UNSW UNSW Business School UNSW Business School

Our academics’ opinions on trending topics

​​​​​​​​​​​​

Find article by:

Vital Signs: Why governments get addicted to smoking and other vices

By Richard Holden  April 15, 2019

But what happens when a government becomes reliant on a Pigouvian tax because it gets so much revenue from it?

Selling university admissions is hardly charitable

By Fiona Martin  April 05, 2019

For every place given away, a student who gained the place on merit is rejected.

2019 Budget: Should zero net debt be our aim?

By Richard Holden  April 04, 2019

Debt reduction coming from the Future Fund has nothing to do with fiscal rectitude.

Shadow equity: A fresh idea to escape the low wage trap

By Rosalind Dixon & Richard Holden  March 19, 2019

New developments in blockchain technology offer a way to link the efforts of employees to an equity-like security.

Vital Signs: The backdown on mortgage broking commissions

By Richard Holden  March 15, 2019

The Coalition appears to have put off designing a proper commission structure for the next three years in order to buy some peace.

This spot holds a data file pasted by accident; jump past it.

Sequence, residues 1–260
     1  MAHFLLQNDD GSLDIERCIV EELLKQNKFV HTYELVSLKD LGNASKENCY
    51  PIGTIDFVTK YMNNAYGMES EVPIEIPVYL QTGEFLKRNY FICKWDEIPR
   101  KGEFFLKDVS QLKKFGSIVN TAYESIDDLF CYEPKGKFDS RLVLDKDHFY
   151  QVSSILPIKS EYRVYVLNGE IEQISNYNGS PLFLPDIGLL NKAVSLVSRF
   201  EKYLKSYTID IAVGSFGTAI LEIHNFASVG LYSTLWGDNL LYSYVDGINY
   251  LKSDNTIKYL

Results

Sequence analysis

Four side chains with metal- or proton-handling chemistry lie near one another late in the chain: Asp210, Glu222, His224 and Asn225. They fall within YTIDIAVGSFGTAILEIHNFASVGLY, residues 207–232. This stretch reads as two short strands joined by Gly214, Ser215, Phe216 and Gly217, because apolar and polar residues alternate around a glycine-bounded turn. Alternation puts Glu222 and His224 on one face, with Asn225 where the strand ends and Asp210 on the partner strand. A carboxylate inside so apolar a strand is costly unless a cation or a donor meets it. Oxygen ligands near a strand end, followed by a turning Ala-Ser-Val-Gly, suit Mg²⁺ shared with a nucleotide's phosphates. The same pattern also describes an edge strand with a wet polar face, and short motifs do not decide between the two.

Vital Signs: Ultra-low economic growth should not surprise

By Richard Holden  March 08, 2019

Our high population growth, fed by a high immigration rate, has masked a much less rosy picture of how we are doing.

Vital Signs. Do deficits matter any more?

By Richard Holden  March 04, 2019

The returns need to be carefully assessed and compared with the actual government cost of borrowing.

Vital Signs: Why more expensive milk won’t help farmers much

By Richard Holden  February 25, 2019

For a typical family of four with average milk consumption, the extra 10c a litre works out at about $40 a year.

Why mortgage broker commissions aren’t the problem

By Mark Humphery-Jenner  February 21, 2019

Brokers are keen to get referrals and repeat business, which relies on brokers providing good service in the first place.

Enabling customers to switch easily would discipline banks

By Richard Holden  February 18, 2019

The Hayne royal commission failed to make the one recommendation that would really discipline bad behaviour.